10. In the 1940s, there were rumors that the US Navy planned to take over the campus of St. John's College in order to expand the naval academy. During an exchange of letters, Stringfellow Barr wrote that St. John's was considering reducing the curriculum from four years to three during wartime, by eliminating summer vacations. He also said they were considering taking students in their second year of high school, so that they would have completed their liberal education by the time they reached draft age. What's more, he said that taking students at this early age had been part of their plan since the St. John's program was developed in 1937. Could Barr, Buchanan et al have been influenced by reading books about the Ratio Studiorum, perhaps even PJEP? It was published in 1934, and there's a copy in the St. John's library. This might seem like a strange idea, but Cinthia Gannett's Traditions of Eloquence gives numerous examples of cases in which writers of modern rhetoric textbooks seem to have been influenced by Jesuit educational traditions, which they failed to mention. To add another twist, in the March 1955 Jesuit Educational Quarterly, Fr. M. J. Fitzsimons mentioned that St. John's had found that students needed a certain kind of secondary education in order to succeed in their program. He doesn't go into details, but this doesn't make it sound as if the college would had much success with typical 15-year-olds. Fr. Fitzsimons' article, "The Spirit and the Letter," is itself a very interesting critique of Fr. Ganss' book, and it introduced me to Fr. Miguel Bernad, a Jesuit from the Philippines whose 1951 Yale dissertation was about the history of the teaching of arts in American Jesuit colleges. Fr. Bernad also wrote essays about mountaineering. I haven't found many of his works online so far, but here's an article from him about "The Ignatian Way in Education," and one from the JEQ about "The Class of 'Humanities' in the Ratio Studiorum" (taken from his dissertation).
  11. I found another introductory textbook that we might read together: The Art of Persuasion, by A. J. Grunthaler. The introduction gives an explanation of what rhetoric is, and describes its traditional importance in liberal arts education. The main body of the book is in the form of a reader, with selections from ancient authors on different aspects of the subject. Aristotle and Quintilian are represented the most. I was glad to see that St. Augustine's famous passage on Christian rhetoric made it in as well. Appendix A, "The Art of Argument," provides an overview of logic in the context of rhetoric. Appendix B is made up of "Some Seriously Great Speeches," mostly modern, with a few rhetorical analysis questions for each one. There's also a helpful bibliography, which includes further readings along the same lines, as well as more advanced works. So there's a great deal packed in there. The author says in the introduction that "rhetoric is not a particularly difficult discipline," which is refreshing, especially after trying to wrap my head around McKeon's abstractions. It must be true, too, if they used to teach this material to 13 year olds!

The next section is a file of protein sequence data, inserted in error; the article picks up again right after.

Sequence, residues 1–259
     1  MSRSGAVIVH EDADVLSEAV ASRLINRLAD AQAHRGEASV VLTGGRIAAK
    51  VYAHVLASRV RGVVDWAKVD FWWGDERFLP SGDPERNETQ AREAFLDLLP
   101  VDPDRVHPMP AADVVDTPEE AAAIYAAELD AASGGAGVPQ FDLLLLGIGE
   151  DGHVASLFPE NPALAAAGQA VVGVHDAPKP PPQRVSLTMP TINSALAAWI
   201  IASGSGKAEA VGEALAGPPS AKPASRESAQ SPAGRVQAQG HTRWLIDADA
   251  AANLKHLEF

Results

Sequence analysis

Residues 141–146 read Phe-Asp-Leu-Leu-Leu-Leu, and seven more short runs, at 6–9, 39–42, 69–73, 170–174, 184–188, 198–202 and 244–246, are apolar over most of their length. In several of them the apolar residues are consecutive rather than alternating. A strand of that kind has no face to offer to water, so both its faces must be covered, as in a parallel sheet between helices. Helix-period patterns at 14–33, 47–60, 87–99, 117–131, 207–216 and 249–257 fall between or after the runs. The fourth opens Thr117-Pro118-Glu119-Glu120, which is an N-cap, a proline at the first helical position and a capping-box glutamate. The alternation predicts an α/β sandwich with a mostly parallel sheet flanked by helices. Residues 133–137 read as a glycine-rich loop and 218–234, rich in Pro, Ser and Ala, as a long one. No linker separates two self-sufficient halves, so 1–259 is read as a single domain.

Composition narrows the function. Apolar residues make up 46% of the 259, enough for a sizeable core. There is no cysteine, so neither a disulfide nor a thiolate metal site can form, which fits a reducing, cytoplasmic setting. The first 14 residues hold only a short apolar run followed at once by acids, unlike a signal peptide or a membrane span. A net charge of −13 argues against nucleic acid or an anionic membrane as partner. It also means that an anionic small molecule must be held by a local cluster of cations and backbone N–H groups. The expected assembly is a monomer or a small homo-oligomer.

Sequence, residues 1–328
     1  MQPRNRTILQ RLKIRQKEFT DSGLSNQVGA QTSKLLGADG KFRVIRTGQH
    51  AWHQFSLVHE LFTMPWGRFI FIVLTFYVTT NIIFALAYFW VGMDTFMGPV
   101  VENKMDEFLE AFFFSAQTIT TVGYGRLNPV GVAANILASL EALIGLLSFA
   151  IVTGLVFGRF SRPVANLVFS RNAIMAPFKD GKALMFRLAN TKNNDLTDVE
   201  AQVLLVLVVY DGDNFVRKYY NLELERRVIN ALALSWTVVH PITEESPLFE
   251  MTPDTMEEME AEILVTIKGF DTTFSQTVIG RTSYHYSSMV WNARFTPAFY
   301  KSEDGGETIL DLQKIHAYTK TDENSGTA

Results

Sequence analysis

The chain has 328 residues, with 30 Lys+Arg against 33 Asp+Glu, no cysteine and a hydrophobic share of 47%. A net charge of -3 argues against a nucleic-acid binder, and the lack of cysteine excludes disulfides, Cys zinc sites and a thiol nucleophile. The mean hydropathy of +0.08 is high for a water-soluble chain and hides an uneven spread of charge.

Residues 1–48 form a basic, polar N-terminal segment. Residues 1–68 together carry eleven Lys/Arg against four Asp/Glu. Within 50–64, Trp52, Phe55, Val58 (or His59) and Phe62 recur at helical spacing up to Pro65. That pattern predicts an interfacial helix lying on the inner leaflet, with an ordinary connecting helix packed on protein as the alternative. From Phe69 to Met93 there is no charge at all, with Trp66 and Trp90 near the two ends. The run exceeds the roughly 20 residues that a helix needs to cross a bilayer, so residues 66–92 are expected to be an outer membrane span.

12. Sorry for all the meandering. I will try to get back to PJEP! It's just very interesting to look at the different ideas for liberal education that were being discussed at the time. I'm especially interested in modifications that were made to Great Books to bring it more in line with traditional methods. The St. John's approach seems distinctive, and I've noticed quite a few of their graduates writing and speaking in various venues, so maybe there's something to the way they've reintroduced the literary study of poetry and rhetoric. It's not the most prominent part of the curriculum, but perhaps this is somewhat made up for by spreading it over four years, rather than two. It also seems as though their approach to literary criticism is closer to the young Walter Ong's ideal, than to the rote teaching that seems to have gone on in some early 20th century Jesuit schools. The problems he describes in the article probably have a lot to do with mediocre or burned-out teachers, but I wonder if the difference also has to do with the students' age and ability. According to a book I found online (I think it was by Fr. Ganss?), the Jesuits' 16th century curriculum expected that the boys would already have learned Latin somehow in early childhood. They would thus be able to cover grammar at ages 10-11, with poetry at age 12 and rhetoric at 13. In the 19th century, as I understand it, poetry was taught around age 15, and by Father Donnelly's time, it had moved up to age 18. I can see how an approach aimed at 12 years olds, even if done well, might seem stale and rote for students of today's college age.